When I was pregnant, I would sometimes call my mom and wine a little about how sick I felt, how tired I was and how much I was panicking about how things would be with a baby. My mom would usually respond by asking how often I had thrown up, or how long I had slept, and when I would say that I hadn’t really thrown up yet, but I felt really sick all day, she would tell me that there were tons of other people that felt a lot worse than me (usually with anecdotes of people she knew that had experienced something a lot worse). This did not usually make me feel better.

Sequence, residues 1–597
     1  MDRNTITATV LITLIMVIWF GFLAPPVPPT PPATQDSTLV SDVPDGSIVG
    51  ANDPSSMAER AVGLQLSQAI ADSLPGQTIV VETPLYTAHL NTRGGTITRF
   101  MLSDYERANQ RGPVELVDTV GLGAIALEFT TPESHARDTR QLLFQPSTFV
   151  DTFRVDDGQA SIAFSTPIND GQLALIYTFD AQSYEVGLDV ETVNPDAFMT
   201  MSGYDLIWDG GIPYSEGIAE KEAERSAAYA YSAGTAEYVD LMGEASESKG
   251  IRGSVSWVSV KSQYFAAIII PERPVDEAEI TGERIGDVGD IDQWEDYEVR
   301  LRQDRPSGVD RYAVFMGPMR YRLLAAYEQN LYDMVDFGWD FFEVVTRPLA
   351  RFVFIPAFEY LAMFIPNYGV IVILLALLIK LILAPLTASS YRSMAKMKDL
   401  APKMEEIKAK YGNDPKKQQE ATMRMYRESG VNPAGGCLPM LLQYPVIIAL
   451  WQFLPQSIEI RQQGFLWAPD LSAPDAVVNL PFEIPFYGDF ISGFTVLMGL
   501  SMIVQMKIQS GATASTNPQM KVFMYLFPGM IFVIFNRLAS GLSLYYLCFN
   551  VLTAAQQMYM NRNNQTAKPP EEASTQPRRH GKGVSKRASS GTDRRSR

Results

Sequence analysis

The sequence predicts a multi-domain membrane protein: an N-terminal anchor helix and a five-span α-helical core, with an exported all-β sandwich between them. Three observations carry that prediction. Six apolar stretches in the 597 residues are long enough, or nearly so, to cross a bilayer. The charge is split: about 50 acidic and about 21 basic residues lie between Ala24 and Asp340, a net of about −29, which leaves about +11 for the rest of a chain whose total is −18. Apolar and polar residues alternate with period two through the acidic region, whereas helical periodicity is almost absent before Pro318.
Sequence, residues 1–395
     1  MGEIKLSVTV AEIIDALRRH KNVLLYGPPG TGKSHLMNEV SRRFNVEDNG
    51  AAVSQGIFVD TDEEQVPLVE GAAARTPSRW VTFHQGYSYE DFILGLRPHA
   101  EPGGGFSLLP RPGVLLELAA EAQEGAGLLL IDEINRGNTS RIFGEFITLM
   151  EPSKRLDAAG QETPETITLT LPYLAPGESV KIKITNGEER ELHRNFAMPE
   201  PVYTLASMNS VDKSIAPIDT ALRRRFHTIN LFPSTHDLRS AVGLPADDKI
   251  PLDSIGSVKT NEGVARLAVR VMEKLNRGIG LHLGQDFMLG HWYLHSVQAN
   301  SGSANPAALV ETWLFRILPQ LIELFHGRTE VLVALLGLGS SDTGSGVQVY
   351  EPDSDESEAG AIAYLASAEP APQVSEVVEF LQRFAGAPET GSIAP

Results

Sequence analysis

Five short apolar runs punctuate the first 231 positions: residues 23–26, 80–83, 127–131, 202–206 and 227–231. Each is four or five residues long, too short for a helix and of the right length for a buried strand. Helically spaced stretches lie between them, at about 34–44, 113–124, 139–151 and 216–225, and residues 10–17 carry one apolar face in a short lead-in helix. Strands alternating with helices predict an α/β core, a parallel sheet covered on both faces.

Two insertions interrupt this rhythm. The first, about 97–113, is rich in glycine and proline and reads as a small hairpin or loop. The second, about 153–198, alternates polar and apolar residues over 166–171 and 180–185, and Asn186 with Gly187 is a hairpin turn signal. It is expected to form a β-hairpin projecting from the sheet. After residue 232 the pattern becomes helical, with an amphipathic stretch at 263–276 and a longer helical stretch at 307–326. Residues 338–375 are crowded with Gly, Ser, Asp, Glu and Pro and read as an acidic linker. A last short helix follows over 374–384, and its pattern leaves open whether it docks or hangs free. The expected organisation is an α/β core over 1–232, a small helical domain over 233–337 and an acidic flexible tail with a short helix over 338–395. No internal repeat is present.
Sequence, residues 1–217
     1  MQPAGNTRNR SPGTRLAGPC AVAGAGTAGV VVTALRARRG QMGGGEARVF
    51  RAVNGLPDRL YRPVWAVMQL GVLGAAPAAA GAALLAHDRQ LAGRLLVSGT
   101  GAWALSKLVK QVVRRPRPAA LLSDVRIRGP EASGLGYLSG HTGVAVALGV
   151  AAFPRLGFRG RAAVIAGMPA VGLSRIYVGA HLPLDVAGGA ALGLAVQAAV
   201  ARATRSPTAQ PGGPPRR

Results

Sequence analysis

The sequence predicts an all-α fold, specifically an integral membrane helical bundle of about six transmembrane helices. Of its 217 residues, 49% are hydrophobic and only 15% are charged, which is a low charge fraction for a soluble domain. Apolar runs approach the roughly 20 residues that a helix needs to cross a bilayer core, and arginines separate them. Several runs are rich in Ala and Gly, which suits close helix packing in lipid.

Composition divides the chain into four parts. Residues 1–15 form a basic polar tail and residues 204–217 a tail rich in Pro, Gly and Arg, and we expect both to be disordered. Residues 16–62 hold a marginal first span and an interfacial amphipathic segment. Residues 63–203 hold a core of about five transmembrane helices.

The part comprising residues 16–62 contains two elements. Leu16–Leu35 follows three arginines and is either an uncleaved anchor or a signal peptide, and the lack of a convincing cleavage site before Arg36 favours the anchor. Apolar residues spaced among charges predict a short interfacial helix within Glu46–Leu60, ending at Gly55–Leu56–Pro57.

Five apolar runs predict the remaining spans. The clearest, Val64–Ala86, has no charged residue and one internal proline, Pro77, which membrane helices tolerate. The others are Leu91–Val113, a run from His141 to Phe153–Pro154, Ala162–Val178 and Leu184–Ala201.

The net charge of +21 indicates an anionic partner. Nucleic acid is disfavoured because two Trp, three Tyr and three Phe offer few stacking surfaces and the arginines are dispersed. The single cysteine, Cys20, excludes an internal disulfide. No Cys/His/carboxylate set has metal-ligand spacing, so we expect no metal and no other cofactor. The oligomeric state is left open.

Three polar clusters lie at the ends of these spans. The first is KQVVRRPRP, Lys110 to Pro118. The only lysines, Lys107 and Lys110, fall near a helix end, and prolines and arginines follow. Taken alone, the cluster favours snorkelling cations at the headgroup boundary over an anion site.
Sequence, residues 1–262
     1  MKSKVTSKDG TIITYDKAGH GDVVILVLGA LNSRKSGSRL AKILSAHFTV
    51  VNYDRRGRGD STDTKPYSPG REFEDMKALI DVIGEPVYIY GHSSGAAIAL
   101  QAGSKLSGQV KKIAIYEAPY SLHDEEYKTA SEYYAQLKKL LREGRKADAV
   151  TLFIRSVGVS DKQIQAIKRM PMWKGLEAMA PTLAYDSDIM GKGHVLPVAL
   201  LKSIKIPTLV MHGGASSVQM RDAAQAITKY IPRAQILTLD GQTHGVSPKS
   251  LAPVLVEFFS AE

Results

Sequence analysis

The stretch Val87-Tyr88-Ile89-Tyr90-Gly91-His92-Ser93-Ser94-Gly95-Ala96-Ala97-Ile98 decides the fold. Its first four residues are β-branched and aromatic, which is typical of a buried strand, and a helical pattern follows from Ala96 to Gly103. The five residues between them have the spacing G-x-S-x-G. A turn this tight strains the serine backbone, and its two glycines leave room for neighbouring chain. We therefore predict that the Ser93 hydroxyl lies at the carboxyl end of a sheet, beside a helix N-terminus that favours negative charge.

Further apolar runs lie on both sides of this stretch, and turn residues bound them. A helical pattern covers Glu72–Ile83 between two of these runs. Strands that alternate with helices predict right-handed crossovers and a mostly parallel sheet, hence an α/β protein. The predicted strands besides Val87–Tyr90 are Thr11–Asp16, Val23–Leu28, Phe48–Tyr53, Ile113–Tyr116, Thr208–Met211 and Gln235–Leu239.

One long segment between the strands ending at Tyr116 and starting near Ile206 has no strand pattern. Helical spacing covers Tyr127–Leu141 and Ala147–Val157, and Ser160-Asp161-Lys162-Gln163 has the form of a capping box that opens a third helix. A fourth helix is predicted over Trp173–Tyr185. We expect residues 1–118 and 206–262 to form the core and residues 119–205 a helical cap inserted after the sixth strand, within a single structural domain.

However, I noticed that I do the same thing myself. Recently I read “Our babies, ourselves” from Meredith Small. It’s a really good book that talks about how your cultural background shapes the way you parent, and that a lot of things that we find perfectly normal (like have a baby cry a little, or have a baby sleep by herself), is found absurd in other cultures. In this book I read about the Ache, a group of hunter-gatherers in Paraguay. The Ache mothers will for the first year of their babies’ lives have them sleep in their laps, hunched over to protect their babies from danger. Not only during the day, but also during the entire night. So that means that that year, they only sleep sitting up with a baby in their laps . Often when I’m awake at night because 7 month old BlueEyes is awake or wants to nurse I think about those women, who completely sacrifice themselves for their baby. To me, that has been one of the hardest parts of being a mother: the fact that often you have to ignore your own needs, or at least have your babies’ needs come first. But whenever I feel sorry for myself that instead of hanging on the couch I am nursing a baby to sleep, I think about those women and imagine them sitting on a hard floor with baby in their lap the whole night and I feel better.